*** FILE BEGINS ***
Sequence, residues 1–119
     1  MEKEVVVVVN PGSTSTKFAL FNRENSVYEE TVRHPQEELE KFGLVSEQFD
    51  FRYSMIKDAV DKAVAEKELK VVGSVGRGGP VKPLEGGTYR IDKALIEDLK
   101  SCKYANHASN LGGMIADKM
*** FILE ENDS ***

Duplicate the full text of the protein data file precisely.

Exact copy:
Sequence, residues 1–119
     1  MEKEVVVVVN PGSTSTKFAL FNRENSVYEE TVRHPQEELE KFGLVSEQFD
    51  FRYSMIKDAV DKAVAEKELK VVGSVGRGGP VKPLEGGTYR IDKALIEDLK
   101  SCKYANHASN LGGMIADKM